Typically, your first line of defense is a compressed air duster. They are inexpensive and range in pressures to combat varying soil levels. For routine maintenance, an economical choice is Chemtronics’ ES1217, a regular-strength duster that is safe on plastics, nonflammable and also ozone safe. If your system is very dirty, a heavier compressed air spray like Chemtronics’ ES1020 Ultrajet® Duster will do nicely as it’s extra-strong and leaves no residue.
Dust can cake over chips and work its way under components and boards as well. In extreme situations, dust “infestations” will leave a layer of fuzz on your circuit board that must be peeled off before you use a high-pressure duster. Since avoiding dust and debris entirely is unavoidable, it’s best to blast dust particles away before they get carried away.
Are you playing it safe? What about safe enough? When it comes to your sensitive electronic components and printed circuit boards (PCBs), are you doing enough to mitigate potentially expensive problems?
Before you buy the most expensive ESD-safe materials, make sure you understand your facility’s protocols. Operating within your specific safe range doesn’t mean you need to spend money unnecessarily. And, understanding the difference between static dissipative and static conductive will help.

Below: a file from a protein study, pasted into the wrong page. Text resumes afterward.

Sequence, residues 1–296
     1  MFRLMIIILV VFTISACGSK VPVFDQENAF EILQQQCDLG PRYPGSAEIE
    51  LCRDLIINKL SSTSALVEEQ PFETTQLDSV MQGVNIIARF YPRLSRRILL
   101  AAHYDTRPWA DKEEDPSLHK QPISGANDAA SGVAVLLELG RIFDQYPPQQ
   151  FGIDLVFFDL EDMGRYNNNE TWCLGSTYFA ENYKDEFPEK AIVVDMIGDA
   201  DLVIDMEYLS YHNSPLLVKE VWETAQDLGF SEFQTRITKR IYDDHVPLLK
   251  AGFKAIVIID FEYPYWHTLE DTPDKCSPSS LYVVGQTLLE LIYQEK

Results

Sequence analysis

A common “safe range” for a production floor is between 25 x 104 ohms to 35 x 106 ohms (or 25,000 to 35,000,000 ohms); however, this may vary depending on your production environment. Materials ranging from zero ohms to 106 ohms (or one million) are static conductive, and materials ranging from 106 ohms to 109 ohms (or one billion) are static dissipative. Electrons flow easily across the surface or through the bulk of conductive materials. For dissipative materials, charges flow to ground more slowly than with conductive materials.
Need help finding or evaluating the proper range for your environment? Protecting sensitive electronics doesn’t have to be risky business. Play it safe, and turn to All-Spec for operational efficiency across the board and across the production floor—for less.
With all the hoopla surrounding LEDs and their longevity, is it any wonder why LED manufacturers are scrambling to extend the lives of painted or anodized aluminum components, ornamental brackets and lamp poles? While it’s common knowledge that adhesives and sealants help with these challenges, a lesser known solution lies in your surface treatment—the preparation of metal surfaces to extend the life of paint and to seal and protect the surfaces from corrosion.
Employing the right surface treatment technology has been known to double the long-term weather resistance of painted lamp bases and aluminum, street lamp poles. In fact, a large producer of public lighting structures recently reported a total savings of more than $100,000 a year in production and cleaning costs, treatment chemicals, energy and water usage as well as disposal costs.
Henkel’s BONDERITE EC² electro-ceramic coating process offers five to 10 times improved corrosion protection over older treatment methods and conventional paints. It also eliminates the need for surface pretreatment and one to two layers of paint. The environmentally-friendly process is responsible for substantial energy savings and waste reduction. Introducing this type of process into your operations is the next logical step, following the addition of integrated adhesives and sealants, to help today’s LED manufacturers achieve that sweet spot of peak efficiency.